And suddenly the rigid composition breaks. It happens at moments of action, of revelation, of violence. Abruptly the camera spins in a frenzy to disorienting angles, the phantasmagoric theme erupts while diegetic sound attains a startling intensity. We must notice the camera during these moments; sometimes we are behind the killer's eyes and sometimes we are floating in the third person. This is not a HALLOWEEN perspective-of-the-killer trick. Rather, in these moments we are coming up against the walls of the stagnant symbolic order and passing over into the furious libidinal economy which churns beneath it like a swirling sewer. Water streams out of an open mouth, steam fills a room-- sudden explosions of elemental force intrude into the pacified civilized domain in discharges of repressed erotic and violent desire (note the steaming pot on the stove in the background of the origin-of-the-crime scene!). The signifier for all of this is, naturally, the "deep red" of the title, the red which surrounds our doomed psychic as she first senses the presence of murder and of the glowing ring of Hemmings' flashlight as he nears the hidden secret and of the blood that spurts over the rococo interiors. A red message glimpsed in a school lavatory: "KILL YOUR MOTHER AND FATHER". It may as well read "DEATH TO THE SYMBOLIC ORDER!"

"I'm the proletariat of the keyboard, and you're the bourgeoise," Hemmings is told by his drunken piano player friend/double Carlos, and this turns out to be the critical statement of the film. Poor, repressed David Hemmings! How isolated is he from the elemental, grounded in his plastic modernist hell filled with soulless set pieces, toying constantly with cigarettes that he never manages to smoke (his ashtrays are empty too)! Contrast this to the mad world of the killer, whose assortment of objects are cathexes of powerful energy. Can we blame him for being drawn to this world of primal violence?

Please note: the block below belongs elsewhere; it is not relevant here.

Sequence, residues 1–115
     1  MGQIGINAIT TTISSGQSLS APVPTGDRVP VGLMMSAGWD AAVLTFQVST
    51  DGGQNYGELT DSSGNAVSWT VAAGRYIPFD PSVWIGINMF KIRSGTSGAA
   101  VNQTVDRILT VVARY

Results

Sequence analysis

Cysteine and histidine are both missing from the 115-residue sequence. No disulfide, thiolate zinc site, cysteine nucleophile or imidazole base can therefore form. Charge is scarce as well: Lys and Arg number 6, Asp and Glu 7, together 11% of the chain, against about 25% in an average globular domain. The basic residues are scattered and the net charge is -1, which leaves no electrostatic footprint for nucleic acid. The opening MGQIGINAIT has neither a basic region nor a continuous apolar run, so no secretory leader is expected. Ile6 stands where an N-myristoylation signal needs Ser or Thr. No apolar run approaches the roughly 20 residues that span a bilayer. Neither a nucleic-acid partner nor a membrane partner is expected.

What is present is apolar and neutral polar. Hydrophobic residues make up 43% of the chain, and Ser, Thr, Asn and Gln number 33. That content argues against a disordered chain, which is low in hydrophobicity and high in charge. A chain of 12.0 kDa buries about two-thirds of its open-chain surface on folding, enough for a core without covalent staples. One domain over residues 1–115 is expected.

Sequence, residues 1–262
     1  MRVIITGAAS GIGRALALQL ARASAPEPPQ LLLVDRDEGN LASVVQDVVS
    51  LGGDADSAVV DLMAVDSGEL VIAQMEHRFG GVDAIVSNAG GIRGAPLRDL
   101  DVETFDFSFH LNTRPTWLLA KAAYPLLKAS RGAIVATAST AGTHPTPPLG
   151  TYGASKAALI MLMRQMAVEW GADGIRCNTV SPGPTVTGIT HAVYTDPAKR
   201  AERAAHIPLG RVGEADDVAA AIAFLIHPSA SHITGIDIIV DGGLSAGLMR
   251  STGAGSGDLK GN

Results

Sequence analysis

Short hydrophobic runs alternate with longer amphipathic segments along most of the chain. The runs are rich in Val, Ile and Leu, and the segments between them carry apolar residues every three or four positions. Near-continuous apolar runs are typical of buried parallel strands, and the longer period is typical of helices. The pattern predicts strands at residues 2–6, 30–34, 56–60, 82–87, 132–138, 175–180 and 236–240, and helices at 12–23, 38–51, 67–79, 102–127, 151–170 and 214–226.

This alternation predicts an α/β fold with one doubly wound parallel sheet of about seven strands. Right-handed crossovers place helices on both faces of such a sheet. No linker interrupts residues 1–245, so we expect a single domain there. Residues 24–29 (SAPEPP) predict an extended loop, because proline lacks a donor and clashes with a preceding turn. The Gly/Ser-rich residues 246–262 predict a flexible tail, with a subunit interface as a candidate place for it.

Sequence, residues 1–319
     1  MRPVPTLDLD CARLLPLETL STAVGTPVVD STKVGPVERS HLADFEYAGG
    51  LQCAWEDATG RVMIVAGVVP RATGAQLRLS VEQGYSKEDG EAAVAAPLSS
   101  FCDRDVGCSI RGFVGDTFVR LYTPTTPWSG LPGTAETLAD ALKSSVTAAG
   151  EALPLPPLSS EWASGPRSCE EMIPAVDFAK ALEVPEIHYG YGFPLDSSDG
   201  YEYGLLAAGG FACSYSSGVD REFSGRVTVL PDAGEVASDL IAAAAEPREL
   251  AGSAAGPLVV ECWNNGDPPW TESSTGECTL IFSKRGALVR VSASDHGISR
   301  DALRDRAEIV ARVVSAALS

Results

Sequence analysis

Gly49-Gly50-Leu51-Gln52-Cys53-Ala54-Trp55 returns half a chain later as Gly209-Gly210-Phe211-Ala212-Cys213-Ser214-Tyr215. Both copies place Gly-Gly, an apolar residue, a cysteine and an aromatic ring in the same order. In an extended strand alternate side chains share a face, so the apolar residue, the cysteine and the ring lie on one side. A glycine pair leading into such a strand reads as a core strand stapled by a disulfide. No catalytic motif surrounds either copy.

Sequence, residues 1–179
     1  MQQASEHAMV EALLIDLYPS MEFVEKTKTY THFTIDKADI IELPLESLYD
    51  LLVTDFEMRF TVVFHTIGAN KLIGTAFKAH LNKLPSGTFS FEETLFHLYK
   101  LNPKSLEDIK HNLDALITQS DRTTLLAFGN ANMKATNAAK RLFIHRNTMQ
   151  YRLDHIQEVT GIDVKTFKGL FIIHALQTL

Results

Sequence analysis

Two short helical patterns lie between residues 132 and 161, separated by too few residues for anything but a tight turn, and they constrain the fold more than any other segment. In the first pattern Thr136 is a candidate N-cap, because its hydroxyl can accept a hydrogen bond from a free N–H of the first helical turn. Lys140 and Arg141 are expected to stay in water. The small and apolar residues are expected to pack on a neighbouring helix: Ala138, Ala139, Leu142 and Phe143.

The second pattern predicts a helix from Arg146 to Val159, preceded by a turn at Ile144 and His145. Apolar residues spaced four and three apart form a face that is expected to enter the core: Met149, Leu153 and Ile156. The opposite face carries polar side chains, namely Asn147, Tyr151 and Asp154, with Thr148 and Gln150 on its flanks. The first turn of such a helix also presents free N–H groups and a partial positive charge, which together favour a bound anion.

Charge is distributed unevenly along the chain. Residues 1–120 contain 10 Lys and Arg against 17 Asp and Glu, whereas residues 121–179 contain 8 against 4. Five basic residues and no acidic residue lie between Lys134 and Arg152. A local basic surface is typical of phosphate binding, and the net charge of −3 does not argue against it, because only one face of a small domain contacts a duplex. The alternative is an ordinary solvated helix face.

(I will intrude here to say SPOILER ALERT sort of)

Much of the criticism I've seen regarding DEEP RED focuses on gender, which I am not very interested in, as the film's gender politics seem fairly incoherent to me. To that end, however, I will say that it seems relevant that the "original crime" involves the murder of the patriarch. It is this act that banishes Marta from the symbolic order (hetero-bourgeois-materialist) and strands her in its underbelly. Her pancake-makeup look seems kind of like a burlesque of the feminine object, the corpse of the iconic female.

(end spoiler alert)

Escape, David Hemmings! Escape wooden world, escape endless drudgery! Find power! Find desire! Find violence! He does, and by this is animated, and is immersed, at last glimpse, in deep red.

(This trailer is pretty super great, but gives away most of the kills and some of the plot as well, so I'm going to go ahead and SPOILER ALERT it for those who haven't seen the film and are interested in its intrigue as well as its sensual pleasure.)